Anatomic Variation of the Sciatic Nerve: A Study on the Prevalence, and Bifurcation Loci in Relation to the Piriformis and Popliteal Fossa
Objective. To examine and identify sciatic nerve variations in relation to the piriformis muscle, its prevalence, pattern and the course of its bifurcation loci.
Materials and Methods. Twenty-eight formalin fixed male cadavers comprising 56 lower limbs were used for this study. Dissection of the gluteal region and posterior compartment of the thigh was conducted to expose the sciatic nerve. Variations in the sciatic nerve anatomy, their relationship to the piriformis muscle and points of bifurcation, and other observable features were noted and recorded.
Results. Fifty-two lower limbs (93%) showed normal anatomy of the sciatic nerve. Four regions (7.1%) showed variations in the morphology of the sciatic nerve. Of these, one (1.8%) showed a variation of the sciatic nerve with the piriformis muscle. This single case showed a common peroneal nerve emerging on the left between the heads of a double piriformis muscle - a variant not described in the original Beaton and Anson classification, with the tibial nerve deep to the muscle. In two other limbs, the sciatic nerves showed a normal relationship with the piriformis, but had variations in the bifurcation loci (bilateral). The divisions were in upper third and middle third of the right and left thighs respectively.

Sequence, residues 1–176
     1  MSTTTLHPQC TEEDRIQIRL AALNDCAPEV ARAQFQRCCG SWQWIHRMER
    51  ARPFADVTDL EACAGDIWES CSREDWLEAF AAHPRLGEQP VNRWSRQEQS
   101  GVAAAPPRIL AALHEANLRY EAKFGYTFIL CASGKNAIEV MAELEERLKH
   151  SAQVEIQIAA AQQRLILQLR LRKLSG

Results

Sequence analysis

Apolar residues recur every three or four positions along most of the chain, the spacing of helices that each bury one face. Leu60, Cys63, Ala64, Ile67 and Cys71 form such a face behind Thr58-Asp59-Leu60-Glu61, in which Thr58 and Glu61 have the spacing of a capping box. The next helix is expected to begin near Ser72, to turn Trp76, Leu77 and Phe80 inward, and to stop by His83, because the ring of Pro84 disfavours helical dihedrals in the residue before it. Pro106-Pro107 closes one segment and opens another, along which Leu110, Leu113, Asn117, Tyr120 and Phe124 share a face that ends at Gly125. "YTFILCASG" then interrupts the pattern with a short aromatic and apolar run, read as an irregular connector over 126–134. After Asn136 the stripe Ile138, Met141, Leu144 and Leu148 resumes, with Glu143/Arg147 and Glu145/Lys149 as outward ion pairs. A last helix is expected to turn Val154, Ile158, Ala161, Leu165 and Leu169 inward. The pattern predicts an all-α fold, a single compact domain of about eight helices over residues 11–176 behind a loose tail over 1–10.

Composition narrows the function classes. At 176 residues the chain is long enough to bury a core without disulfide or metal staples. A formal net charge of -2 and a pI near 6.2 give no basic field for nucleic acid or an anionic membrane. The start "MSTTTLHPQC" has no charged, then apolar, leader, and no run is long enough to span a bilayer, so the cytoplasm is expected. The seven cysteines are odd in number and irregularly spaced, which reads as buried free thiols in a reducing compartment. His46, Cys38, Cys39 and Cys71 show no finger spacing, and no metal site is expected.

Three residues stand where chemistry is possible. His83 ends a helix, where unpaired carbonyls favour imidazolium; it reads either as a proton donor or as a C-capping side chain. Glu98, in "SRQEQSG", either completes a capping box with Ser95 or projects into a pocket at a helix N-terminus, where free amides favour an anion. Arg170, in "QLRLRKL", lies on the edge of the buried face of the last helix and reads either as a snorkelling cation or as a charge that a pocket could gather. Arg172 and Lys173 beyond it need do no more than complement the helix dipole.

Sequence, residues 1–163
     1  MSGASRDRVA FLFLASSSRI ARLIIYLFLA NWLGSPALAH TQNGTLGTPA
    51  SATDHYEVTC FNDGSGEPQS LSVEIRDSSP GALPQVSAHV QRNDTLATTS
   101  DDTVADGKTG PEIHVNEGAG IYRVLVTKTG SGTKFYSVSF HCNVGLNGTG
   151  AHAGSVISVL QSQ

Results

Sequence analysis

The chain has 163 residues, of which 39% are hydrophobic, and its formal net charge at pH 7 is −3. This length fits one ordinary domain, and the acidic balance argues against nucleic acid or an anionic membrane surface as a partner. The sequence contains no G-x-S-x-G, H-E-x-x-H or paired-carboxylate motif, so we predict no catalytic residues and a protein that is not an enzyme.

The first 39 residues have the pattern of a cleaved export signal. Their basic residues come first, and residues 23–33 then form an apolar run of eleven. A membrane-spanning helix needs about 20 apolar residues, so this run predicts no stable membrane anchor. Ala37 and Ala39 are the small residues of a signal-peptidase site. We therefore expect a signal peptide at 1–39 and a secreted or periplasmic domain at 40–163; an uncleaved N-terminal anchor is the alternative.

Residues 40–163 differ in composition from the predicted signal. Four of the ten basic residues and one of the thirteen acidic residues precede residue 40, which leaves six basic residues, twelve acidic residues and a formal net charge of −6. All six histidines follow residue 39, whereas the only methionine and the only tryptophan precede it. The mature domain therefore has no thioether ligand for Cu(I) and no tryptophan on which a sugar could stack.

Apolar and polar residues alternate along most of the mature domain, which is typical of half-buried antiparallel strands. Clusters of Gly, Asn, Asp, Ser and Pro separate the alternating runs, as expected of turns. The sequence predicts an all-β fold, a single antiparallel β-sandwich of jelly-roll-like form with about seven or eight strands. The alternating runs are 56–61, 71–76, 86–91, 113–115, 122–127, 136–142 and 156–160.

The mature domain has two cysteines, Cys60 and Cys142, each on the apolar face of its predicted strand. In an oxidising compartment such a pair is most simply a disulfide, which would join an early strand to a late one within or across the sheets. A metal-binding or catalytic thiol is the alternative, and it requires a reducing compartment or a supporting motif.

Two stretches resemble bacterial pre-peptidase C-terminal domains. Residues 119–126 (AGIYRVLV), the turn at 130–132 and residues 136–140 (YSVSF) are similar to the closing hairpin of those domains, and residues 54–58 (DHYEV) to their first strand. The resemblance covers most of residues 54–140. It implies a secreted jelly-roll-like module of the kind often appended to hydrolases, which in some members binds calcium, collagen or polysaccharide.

Conclusion. Knowledge of the level of bifurcation and distribution of the sciatic nerve and its location is important. This nerve is commonly encountered by neurologists, orthopaedics, and anaesthesiologists. The uncommon anatomical findings described are relevant to surgeons to enable them to perform efficient surgical procedures and avoid errors.
Sciatic Nerve; Bifurcation Loci; Piriformis; Sciatica
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